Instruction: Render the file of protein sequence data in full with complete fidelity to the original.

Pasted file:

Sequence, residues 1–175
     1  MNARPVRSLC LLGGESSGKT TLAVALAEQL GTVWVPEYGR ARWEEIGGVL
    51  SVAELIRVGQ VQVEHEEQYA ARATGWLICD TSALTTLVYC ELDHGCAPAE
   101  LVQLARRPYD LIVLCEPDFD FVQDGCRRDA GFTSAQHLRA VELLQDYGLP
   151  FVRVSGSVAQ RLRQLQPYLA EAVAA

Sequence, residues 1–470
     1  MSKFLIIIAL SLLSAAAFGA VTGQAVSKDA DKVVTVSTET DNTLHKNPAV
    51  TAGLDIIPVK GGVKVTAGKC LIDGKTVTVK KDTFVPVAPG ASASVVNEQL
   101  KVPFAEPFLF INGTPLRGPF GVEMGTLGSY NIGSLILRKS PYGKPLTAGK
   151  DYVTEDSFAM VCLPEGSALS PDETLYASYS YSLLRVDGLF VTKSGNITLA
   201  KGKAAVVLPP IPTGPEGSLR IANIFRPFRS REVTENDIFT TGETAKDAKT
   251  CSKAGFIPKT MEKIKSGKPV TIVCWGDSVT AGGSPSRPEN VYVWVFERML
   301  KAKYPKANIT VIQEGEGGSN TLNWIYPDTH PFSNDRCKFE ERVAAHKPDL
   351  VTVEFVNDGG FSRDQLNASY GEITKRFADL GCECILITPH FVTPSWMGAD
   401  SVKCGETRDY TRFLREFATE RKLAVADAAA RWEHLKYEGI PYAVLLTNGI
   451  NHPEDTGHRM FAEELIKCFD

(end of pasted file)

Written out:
Sequence, residues 1–175
     1  MNARPVRSLC LLGGESSGKT TLAVALAEQL GTVWVPEYGR ARWEEIGGVL
    51  SVAELIRVGQ VQVEHEEQYA ARATGWLICD TSALTTLVYC ELDHGCAPAE
   101  LVQLARRPYD LIVLCEPDFD FVQDGCRRDA GFTSAQHLRA VELLQDYGLP
   151  FVRVSGSVAQ RLRQLQPYLA EAVAA

Sequence, residues 1–470
     1  MSKFLIIIAL SLLSAAAFGA VTGQAVSKDA DKVVTVSTET DNTLHKNPAV
    51  TAGLDIIPVK GGVKVTAGKC LIDGKTVTVK KDTFVPVAPG ASASVVNEQL
   101  KVPFAEPFLF INGTPLRGPF GVEMGTLGSY NIGSLILRKS PYGKPLTAGK
   151  DYVTEDSFAM VCLPEGSALS PDETLYASYS YSLLRVDGLF VTKSGNITLA
   201  KGKAAVVLPP IPTGPEGSLR IANIFRPFRS REVTENDIFT TGETAKDAKT
   251  CSKAGFIPKT MEKIKSGKPV TIVCWGDSVT AGGSPSRPEN VYVWVFERML
   301  KAKYPKANIT VIQEGEGGSN TLNWIYPDTH PFSNDRCKFE ERVAAHKPDL
   351  VTVEFVNDGG FSRDQLNASY GEITKRFADL GCECILITPH FVTPSWMGAD
   401  SVKCGETRDY TRFLREFATE RKLAVADAAA RWEHLKYEGI PYAVLLTNGI
   451  NHPEDTGHRM FAEELIKCFD